FCP CORIDON present his new exhibition-sale: 62 canes from Africa




Whether they are canes of authority or dignitaries, scepters of command or dancing sticks, they have all been sculpted with a particular purpose: to signify.

Highly symbolic, these objects materialized power, rank, reward or prestige.


Through these sculpted figures, Africa and its cultures give us many symbols and ways of approaching this material that is wood. Appropriate it, magnify it to finally make it say.


Sixty-two canes have been brought together to bear witness to this act which spans places and times: sculpting is signifying.


One of the objects in this collection was the driving force behind the creation of the exhibition. This is a dignitary cane made by Master Sra, Dans/Bassa culture in Ivory Coast, around 1920-1930.

Made of monoxyle wood, its pommel is carved with a female figure in the round standing upright. His hands are placed on his abdomen, his fists closed, his chest drooping and his legs bent, individualized from each other. Her oval face is flanked by two thin incised braids, her ears are sculpted in the shape of a C, her eyes are two tapered almonds, her nose is thin and her lips are finely hemmed. His body is marked with geometric scarifications on the chest, back, abdomen and under the umbilicus – the latter is slightly protruding. The female figure rests on a circular base with incised oblique bands.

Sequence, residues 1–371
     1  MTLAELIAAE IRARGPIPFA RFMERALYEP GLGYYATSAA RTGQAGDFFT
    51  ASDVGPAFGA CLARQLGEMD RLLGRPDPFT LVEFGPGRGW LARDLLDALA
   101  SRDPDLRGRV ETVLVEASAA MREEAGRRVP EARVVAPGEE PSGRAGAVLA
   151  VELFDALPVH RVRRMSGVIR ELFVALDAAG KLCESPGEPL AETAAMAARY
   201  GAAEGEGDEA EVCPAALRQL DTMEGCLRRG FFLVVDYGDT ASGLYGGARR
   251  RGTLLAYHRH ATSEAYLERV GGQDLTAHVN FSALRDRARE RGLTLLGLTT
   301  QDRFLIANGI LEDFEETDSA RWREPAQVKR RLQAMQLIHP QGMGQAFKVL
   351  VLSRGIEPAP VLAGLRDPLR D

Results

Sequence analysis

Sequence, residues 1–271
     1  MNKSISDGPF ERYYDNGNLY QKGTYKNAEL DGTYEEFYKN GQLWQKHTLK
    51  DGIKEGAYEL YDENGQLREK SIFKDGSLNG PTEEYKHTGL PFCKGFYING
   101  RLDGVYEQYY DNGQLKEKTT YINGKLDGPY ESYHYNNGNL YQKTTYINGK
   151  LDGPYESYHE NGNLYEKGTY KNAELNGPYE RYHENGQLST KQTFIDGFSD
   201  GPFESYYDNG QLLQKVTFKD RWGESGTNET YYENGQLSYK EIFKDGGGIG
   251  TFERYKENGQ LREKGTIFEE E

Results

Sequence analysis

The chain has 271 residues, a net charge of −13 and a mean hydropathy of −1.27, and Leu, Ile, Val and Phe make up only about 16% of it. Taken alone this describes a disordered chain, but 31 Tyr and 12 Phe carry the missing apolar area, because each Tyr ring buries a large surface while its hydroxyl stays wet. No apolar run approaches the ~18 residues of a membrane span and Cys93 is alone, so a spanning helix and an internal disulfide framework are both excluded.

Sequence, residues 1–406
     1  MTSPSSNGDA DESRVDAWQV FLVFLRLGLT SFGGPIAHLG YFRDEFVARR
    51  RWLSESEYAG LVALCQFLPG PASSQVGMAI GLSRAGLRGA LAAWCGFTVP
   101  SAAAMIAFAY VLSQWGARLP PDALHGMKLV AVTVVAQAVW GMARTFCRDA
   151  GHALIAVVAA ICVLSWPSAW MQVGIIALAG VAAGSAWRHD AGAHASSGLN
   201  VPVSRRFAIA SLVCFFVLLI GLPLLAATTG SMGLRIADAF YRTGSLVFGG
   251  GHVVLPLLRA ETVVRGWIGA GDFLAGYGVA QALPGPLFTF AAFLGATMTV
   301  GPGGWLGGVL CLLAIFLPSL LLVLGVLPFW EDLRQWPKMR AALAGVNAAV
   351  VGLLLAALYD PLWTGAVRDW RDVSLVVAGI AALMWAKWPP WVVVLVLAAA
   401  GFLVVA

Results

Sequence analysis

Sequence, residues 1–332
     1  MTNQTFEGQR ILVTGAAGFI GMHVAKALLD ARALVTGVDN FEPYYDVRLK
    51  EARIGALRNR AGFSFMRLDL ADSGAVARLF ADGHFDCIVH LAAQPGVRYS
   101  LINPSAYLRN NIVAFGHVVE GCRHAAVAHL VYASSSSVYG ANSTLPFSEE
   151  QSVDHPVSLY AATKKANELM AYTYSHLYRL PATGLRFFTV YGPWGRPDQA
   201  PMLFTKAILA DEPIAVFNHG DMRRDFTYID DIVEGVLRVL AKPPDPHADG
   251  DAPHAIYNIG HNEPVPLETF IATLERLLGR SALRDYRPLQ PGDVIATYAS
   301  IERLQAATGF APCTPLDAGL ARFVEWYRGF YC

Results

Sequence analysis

The barrel is punctuated by three curved rings, the upper front segment is animated by a facial mask.


Master Sra (1880-1955) was a sculptor considered a superior being capable, like God, of creating the most beautiful things. This is what the name attributed to him means: “God” or “creator”. His working methods and executions remain a mystery as he never worked in the eyes of other individuals.


In the culture of the Ivory Coast, very few sculptors have been known and recognized.

We find in this sculpture, the balance, particularly at the level of the hairstyle, very recognizable from the works of Master Sra. These two small mats which fall are of a rare delicacy in African sculpture.


This cane has not undergone any restoration, it is in absolutely perfect condition.


Finesse, emotion, aesthetics, beautiful provenance, the evidence of this piece makes it a true masterpiece.



New objects from Frédéric Coridon